The perspective shift of evolution

Image: Pixabay

I just wanted to share something that I’ve recently been delving into a bit more thanks to my studies- namely, the age of the Earth people commonly accepted before the theory of evolution as proposed by Darwin and Wallace in 1859 came along. I thought it might give some idea of how big a shift in perspective would have been needed for the average person back in 1859.

So, how old was the Earth commonly accepted to be? Well, it was mostly calculated using the generations and ages listed in the Bible. There’s a YouTube video published in 2020 which uses the chronology to calculate that, if people used the text literally, the world would have been thought to have been created in 4163 BCE.

The chronology that I think is most often cited is that of James Ussher, an Irish bishop. His date is 4004 BCE, which indicates that a sort of consensus appears to be forming between these old thinkers that the Earth was perceived to be roughly six thousand years old.

Consider, then, the contrast between this number and the age of the Earth which we’ve calculated today- about 4.54 billion years. Let’s suppose we make the number calculated by Ussher (5863 years old in 1859) equivalent to one step (which I’m going to approximate as a metre for the sake of my calculations). To walk this new age of the Earth, you would have to travel over 774 kilometres- very roughly 484 miles. For context, Google maps tells me that’s a longer journey than driving from Portsmouth to Edinburgh.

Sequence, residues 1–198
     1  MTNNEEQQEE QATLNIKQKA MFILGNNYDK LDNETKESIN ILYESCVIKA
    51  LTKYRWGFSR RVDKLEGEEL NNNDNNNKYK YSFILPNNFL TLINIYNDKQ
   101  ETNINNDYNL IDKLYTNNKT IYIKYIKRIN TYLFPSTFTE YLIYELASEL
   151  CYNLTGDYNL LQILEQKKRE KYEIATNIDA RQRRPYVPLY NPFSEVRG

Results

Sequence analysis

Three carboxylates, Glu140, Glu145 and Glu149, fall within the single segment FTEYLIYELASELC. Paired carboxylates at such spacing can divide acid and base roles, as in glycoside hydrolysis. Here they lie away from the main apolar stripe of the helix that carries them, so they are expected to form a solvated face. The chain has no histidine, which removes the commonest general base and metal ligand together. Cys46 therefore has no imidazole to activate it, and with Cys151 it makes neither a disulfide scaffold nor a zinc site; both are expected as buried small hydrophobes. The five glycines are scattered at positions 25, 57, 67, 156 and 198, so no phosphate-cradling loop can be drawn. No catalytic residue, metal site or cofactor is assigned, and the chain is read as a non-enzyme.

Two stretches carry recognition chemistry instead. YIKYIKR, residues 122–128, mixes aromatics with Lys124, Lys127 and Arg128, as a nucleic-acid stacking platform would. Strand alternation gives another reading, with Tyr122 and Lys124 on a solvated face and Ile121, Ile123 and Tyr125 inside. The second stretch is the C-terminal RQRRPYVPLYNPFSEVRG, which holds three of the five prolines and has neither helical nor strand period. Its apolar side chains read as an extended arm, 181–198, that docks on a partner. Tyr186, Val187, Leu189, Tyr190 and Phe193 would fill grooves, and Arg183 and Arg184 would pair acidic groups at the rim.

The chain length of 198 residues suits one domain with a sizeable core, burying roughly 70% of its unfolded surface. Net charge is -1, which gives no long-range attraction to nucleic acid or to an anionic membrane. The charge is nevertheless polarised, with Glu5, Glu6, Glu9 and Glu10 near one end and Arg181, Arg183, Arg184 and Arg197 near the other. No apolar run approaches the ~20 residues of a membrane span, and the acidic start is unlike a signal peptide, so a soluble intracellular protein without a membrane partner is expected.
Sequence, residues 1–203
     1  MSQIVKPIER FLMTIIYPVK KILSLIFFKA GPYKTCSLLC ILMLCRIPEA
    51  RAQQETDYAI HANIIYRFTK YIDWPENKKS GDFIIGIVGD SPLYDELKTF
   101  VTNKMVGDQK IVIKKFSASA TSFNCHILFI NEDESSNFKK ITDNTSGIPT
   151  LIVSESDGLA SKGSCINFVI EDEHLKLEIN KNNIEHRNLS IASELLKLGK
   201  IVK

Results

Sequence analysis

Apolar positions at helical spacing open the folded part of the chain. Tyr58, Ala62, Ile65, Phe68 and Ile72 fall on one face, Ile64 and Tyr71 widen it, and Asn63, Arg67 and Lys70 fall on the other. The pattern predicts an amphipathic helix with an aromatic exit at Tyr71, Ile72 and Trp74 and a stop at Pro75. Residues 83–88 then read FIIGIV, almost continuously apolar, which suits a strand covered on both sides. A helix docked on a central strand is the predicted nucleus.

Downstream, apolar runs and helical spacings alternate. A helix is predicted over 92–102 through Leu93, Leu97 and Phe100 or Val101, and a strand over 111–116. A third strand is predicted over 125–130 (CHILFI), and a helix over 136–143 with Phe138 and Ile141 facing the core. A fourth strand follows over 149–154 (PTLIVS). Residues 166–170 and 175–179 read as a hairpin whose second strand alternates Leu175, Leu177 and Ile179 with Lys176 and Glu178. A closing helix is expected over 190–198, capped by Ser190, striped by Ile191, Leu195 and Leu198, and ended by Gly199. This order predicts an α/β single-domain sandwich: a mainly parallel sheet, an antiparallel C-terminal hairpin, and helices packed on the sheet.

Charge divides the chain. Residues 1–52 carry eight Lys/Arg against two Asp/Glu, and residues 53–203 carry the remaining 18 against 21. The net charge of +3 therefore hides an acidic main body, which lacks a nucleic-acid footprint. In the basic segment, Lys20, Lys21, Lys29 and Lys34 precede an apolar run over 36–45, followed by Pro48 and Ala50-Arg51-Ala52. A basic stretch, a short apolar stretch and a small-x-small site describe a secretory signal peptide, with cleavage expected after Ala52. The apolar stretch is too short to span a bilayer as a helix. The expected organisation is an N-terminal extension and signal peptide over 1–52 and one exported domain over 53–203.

None of this is to say that the theory proposed isn’t correct- there’s a wealth of biological evidence to back it up. However, I find myself agreeing with the sentiment I saw expressed by Stephen Jay Gould– just because their ages of the Earth turned out to be wrong, doesn’t mean that we should deride the people behind it for that.

Darwin’s Family Tree

To commemorate the anniversary of Darwin’s birth (12th February), I’ve created a Darwin’s Day episode which discusses the illness of Darwin and his immediate family and what could have caused this. There’s a 2017 paper, used as source material for the episode, which discusses this question. However, some of the relationships discussed (and indeed those not discussed) are hard to visualise. So, I’ve created a family tree of Charles Darwin to accompany the episode!

A family tree of Charles Darwin! The information here is collated from various Wikipedia articles for the people on the tree, as well as a website called Famous Kin.

Due to the nature of this kind of information, most of my information for this tree is sourced from the Wikipedia pages of these individuals. However, there’s also a website called ‘Famous Kin‘ I found, which I used to discover the descent from Edward III shown on the tree.

I’ve also shown some (but not all) the descendants of Charles Darwin on this tree, such as the actor Skandar Keynes– who played Edmund Pevensie in ‘the Lion, the Witch and the Wardrobe’, the novelist Emma Darwin, and Erasmus Darwin IV, a soldier who was killed during the larger Battle of Ypres in 1915.